The Boston Diaries

The ongoing saga of a programmer who doesn't live in Boston, nor does he even like Boston, but yet named his weblog/journal “The Boston Diaries.”

Go figure.

Wednesday, September 06, 2006

Speaking of spam

The Court of Appeals of Virginia upheld yesterday what is believed to be the first conviction in the nation under a state anti-spamming law that makes it a felony to send unsolicited mass e-mails.

A North Carolina man was convicted in Loudoun County two years ago of illegally sending tens of thousands of e-mails to America Online customers. Prosecutors said Jeremy Jaynes flooded the servers at the Internet company's headquarters in Loudoun with bulk e-mail advertisements for computer programs and stock pickers.

Jaynes was sentenced last year to nine years in prison on three counts of violating the state's anti-spam law and was allowed to remain free on $1 million bond while his case was appealed. Thomas M. Wolf, an attorney for Jaynes, said he plans to appeal yesterday's decision.

Via Wlofie (in email), Anti-Spam Conviction Is Upheld

The headline is a bit misleading—it should be “Spam conviction is upheld” not “Anti-spam conviction is upheld” as it's a spammer that was arrested and sentenced to jail, not an anti-spammer.

But that nitpick aside, the good news is that spammers can now see their day in jail. The bad news—spam will probably not be done from the US much longer.

What I expect to happen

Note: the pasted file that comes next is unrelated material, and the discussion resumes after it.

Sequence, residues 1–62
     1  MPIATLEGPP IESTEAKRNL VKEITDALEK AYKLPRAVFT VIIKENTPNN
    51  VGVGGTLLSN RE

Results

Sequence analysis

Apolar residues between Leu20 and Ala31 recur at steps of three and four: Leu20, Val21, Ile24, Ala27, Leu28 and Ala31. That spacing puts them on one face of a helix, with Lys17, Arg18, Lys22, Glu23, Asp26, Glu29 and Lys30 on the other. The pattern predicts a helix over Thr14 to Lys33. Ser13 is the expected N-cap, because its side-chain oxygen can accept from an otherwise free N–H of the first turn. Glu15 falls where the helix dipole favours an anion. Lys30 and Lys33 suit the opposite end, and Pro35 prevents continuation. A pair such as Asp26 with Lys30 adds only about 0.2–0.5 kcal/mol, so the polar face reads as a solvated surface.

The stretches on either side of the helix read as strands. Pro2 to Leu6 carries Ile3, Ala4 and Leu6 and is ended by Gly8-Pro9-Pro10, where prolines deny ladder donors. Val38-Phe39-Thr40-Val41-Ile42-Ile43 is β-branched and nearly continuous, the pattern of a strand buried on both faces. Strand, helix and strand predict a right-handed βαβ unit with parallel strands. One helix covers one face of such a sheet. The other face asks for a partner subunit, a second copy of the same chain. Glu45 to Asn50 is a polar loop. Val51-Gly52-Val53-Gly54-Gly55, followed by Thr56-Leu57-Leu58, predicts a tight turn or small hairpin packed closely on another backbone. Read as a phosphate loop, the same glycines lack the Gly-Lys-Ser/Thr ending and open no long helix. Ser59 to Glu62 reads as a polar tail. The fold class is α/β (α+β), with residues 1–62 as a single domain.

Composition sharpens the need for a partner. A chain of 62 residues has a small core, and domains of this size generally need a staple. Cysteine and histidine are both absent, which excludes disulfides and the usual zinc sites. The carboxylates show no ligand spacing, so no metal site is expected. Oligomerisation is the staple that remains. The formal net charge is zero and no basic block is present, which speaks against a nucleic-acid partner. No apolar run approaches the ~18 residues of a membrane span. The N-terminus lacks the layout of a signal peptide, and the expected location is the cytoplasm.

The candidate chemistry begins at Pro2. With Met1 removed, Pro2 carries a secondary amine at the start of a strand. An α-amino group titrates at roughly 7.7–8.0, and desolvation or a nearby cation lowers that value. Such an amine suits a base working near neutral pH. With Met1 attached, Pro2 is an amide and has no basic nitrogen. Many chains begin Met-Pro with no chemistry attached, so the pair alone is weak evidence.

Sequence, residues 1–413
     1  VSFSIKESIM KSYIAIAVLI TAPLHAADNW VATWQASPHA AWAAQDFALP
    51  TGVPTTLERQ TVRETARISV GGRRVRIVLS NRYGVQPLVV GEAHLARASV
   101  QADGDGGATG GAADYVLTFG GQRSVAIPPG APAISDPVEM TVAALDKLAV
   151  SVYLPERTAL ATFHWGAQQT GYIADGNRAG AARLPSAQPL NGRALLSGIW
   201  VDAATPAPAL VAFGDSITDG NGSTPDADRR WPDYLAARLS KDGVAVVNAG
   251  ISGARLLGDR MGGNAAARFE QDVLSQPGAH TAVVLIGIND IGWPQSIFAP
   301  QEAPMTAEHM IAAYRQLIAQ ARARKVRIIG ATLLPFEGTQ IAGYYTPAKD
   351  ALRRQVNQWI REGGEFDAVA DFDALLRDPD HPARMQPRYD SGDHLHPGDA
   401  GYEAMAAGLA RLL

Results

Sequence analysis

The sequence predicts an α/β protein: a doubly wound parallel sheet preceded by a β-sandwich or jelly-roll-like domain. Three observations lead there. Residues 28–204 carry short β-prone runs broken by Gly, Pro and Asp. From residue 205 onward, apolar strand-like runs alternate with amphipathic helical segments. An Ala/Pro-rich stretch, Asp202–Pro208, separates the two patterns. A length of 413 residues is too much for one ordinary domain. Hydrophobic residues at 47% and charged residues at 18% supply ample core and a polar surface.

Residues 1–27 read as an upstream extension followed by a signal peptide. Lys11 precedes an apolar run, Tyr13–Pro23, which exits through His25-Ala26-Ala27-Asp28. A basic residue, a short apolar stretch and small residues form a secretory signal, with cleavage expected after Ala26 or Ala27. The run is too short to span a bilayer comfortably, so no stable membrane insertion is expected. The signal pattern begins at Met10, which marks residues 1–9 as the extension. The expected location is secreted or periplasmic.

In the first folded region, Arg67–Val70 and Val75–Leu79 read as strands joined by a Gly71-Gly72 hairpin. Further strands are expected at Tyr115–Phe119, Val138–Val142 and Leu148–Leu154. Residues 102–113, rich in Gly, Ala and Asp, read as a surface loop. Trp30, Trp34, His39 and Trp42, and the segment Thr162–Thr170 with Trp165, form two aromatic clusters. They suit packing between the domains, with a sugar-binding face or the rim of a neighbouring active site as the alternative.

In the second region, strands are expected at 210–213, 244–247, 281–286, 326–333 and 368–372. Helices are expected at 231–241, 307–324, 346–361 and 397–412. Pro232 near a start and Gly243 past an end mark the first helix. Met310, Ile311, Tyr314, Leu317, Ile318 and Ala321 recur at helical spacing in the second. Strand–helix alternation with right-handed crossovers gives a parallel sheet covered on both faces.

Do I really expect to mess up spammers that much by setting my backup MX record to To cause their servers to melt under the load of ever lasting spam circulating through their servers, perpetually delivered back to themselves for anohter round of attempts?

Not really.

First off, the spammers that are sending email to the backup MX server is already using custom (or customized) software to begin with—the SMTP spec states that servers contact the MX servers in priority order (with the highest priority one being considered the primary), which is something the spammers aren't doing.

Second, it's likely that they're using botnets (large collections of compromised machines) to do the actual sending of email, and the chances of the machine in question running an SMTP server are pretty low. So the likelyhood of me causing their servers to melt down are very low.

What I am expecting to see is a drop in the number of spams I receive. And possibly causing a headache or two (hopefully).

Obligatory Picture

[The future's so bright, I gotta wear shades]

Obligatory Contact Info

Obligatory Feeds

Obligatory Links

Obligatory Miscellaneous

You have my permission to link freely to any entry here. Go ahead, I won't bite. I promise.

The dates are the permanent links to that day's entries (or entry, if there is only one entry). The titles are the permanent links to that entry only. The format for the links are simple: Start with the base link for this site:, then add the date you are interested in, say 2000/08/01, so that would make the final URL:

You can also specify the entire month by leaving off the day portion. You can even select an arbitrary portion of time.

You may also note subtle shading of the links and that's intentional: the “closer” the link is (relative to the page) the “brighter” it appears. It's an experiment in using color shading to denote the distance a link is from here. If you don't notice it, don't worry; it's not all that important.

It is assumed that every brand name, slogan, corporate name, symbol, design element, et cetera mentioned in these pages is a protected and/or trademarked entity, the sole property of its owner(s), and acknowledgement of this status is implied.

Copyright © 1999-2023 by Sean Conner. All Rights Reserved.